“Medical ethics is integral to oncology care. When I ran ethics rounds at the Dana-Farber Cancer Institute, I used to say that every single oncology patient faced at least three ethical dilemmas. Informed consent is one. Do patients really understand what they are signing? There’s typically a dilemma about allocating resources for treatment because these are very expensive therapies and many of them put a lot of financial pressure on families. And for many patients there’s the dilemma of facing end-of-life care, as there will be for all of us....”
-- Ezekiel J. Emanuel (2011 Interview)
Cancer patients have been the paradigm cases in advance care planning. Indeed, progress in end-of-life care and palliative care was initially greatest in cancer-care settings. In recognition of the special nature of cancer care, the medical sub-specialty oncology was established; similarly, special resources for cancer ethics are increasingly needed.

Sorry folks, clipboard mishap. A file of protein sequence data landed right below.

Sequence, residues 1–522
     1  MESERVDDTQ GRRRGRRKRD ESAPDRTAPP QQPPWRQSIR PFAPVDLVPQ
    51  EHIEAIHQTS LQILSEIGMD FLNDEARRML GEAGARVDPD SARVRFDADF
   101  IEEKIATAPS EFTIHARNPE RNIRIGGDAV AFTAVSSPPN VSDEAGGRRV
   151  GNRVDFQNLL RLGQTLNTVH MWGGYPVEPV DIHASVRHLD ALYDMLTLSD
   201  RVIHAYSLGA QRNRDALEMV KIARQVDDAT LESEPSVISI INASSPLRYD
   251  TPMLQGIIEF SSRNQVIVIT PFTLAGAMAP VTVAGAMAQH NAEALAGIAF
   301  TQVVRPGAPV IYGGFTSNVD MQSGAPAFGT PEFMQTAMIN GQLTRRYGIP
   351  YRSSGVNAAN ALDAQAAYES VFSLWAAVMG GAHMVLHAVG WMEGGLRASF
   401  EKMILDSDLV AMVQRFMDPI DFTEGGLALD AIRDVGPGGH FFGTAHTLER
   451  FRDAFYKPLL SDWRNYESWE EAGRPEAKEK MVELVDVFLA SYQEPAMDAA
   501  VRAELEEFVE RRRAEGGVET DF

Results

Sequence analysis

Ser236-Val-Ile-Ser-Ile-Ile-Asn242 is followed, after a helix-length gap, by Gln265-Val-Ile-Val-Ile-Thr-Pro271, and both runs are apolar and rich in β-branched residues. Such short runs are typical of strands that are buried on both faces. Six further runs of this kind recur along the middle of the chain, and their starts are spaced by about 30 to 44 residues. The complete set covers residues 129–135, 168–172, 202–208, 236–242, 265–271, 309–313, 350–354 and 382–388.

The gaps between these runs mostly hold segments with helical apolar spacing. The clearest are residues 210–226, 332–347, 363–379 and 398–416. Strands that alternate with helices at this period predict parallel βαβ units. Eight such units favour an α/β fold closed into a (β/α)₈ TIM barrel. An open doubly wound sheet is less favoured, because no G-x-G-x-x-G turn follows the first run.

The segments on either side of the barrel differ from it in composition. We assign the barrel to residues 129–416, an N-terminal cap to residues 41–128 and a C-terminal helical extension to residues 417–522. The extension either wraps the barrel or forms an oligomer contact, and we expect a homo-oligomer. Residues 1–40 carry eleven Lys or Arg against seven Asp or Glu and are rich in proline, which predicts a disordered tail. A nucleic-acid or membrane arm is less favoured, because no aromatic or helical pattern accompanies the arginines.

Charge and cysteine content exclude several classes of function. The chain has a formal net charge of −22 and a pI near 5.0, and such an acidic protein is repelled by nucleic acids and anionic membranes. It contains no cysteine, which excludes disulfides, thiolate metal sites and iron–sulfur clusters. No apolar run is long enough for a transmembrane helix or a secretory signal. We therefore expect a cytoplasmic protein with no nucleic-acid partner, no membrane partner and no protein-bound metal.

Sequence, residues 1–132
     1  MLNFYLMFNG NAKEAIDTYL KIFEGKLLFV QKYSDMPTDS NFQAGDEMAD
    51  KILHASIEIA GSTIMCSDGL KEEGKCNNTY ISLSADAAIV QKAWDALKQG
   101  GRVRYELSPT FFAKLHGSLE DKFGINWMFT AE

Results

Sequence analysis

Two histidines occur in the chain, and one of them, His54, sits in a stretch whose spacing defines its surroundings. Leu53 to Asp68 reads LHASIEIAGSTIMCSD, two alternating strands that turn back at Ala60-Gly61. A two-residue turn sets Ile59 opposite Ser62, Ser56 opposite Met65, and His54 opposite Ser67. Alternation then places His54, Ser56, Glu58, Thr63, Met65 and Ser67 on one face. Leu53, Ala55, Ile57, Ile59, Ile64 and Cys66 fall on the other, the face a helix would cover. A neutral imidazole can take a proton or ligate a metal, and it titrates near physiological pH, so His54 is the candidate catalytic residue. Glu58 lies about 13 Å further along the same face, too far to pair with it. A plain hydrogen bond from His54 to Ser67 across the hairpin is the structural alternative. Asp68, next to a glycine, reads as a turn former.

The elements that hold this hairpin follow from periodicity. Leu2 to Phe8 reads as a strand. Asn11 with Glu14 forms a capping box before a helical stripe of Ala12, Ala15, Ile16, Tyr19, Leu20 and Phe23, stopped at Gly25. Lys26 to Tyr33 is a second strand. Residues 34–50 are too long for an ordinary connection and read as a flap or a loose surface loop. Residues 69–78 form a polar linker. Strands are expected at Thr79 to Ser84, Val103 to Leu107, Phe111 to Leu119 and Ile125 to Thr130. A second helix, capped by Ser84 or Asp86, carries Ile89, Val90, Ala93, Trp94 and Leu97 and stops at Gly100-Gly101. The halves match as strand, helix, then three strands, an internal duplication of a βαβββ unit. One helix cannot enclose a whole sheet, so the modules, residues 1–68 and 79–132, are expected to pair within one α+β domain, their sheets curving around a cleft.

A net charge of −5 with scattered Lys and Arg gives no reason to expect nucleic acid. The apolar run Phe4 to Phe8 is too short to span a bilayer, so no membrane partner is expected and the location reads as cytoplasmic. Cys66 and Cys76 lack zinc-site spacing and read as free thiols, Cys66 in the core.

The care of cancer patients raises distinctive ethical issues. Cancer care typically interweaves both treatment and research, raising questions about perceptions of risk, valid consent and refusal, researcher objectivity, challenges regarding therapeutic and research roles, and the allocation of scarce resources.
The University of Miami Ethics Programs
has begun a special project in collaboration with the Sylvester Comprehensive Cancer Center
to identify, develop and share resources in ethics and oncology, including clinical ethics, research ethics and public policy.
These Web pages contains links to University of Miami Ethics Programs resources relevant to cancer care as well as ethics guidance of interest to clinicians, researchers, and patients.